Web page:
Buy new car with no haggle pricing

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Buy new car with no haggle pricing

About Clark Howard

Find more answers to your consumer questions, plus Clark’s book “Living Large in Lean Times,” at ClarkHoward.com.

Listen to Clark Howard weeknights from 6 to 9 p.m. on AM1290/95.7FM News Talk WHIO.

Buying a new car online and getting a guaranteed price is now easier thanks to the entry of a respected website into the marketplace.

Edmunds.com is rolling out its Price Promise service in select markets across the country. They’re now offering a no haggle experience at a low price. Other sites doing the same thing include TrueCar.com, Overstock.com, and Zag.com.

We bought a used car last year that we found on AutoTrader.com. It was a real deal. But the dealership we bought it from was a nightmare experience. I will never set foot in there again.

Meanwhile, another relatively easy way to buy a car involves emailing the Internet department at a dealership and negotiating by email. Make sure you always ask for a quote that includes all the junk fees a dealer may have.

Some dealers are charging “packs,” which are like phony charges for documents. It may sound silly, but it can amount to $300 or more just for doing the paperwork. Not every dealer tries to do this, so that’s why it’s important to shop around.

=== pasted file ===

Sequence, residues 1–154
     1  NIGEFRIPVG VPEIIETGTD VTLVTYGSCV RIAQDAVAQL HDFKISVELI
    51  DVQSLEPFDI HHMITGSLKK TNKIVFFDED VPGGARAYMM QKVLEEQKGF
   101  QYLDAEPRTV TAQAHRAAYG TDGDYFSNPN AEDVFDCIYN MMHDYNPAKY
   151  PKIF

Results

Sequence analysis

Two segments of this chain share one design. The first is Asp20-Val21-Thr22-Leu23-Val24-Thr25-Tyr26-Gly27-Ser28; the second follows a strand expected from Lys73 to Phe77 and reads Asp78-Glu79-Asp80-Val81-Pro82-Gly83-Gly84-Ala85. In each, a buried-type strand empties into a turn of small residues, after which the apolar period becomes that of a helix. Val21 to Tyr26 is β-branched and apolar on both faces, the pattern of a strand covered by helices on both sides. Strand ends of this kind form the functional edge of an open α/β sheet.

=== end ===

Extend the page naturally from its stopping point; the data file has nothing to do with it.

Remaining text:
In other car news, GM is offering a new deal for free maintenance on 2014 models. The offer is good for two years or 24,000 miles and you get your maintenance for nothing during that period.

Cheaper Internet in rural America?

Look up in the sky, it’s a bird, it’s a plane, it’s … Google’s Project Loon?!

Google is testing solar-powered hot air balloons in New Zealand that can beam high-speed Internet to rural areas, bypassing wires and bypassing the ground.

This project is the latest from the super-secret Google X development team. They’re the same team responsible for both winning ideas like the driverless car and goofy ideas like the Google Glasses.

The solar-powered hot air balloons fly 60,000 feet above the ground, which is roughly 12 miles high. This amazing initiative goes hand-in-hand with the Google Fiber experiments, which deliver free high-speed Internet in Kansas City and elsewhere at speeds 100 times faster than monopolies and at a better price.

Since their business relies so heavily on ad revenue, Google is basically trying to provide a third pipe with high-speed fiber in urban areas and balloons in rural areas. Anything to get people online and using their search engine and interacting with their ads!

The reality is technology can’t be bottled up and we will have steady alternatives to the vice of high prices and lack of innovation from the cable and phone monopolies that provide Internet to most Americans.

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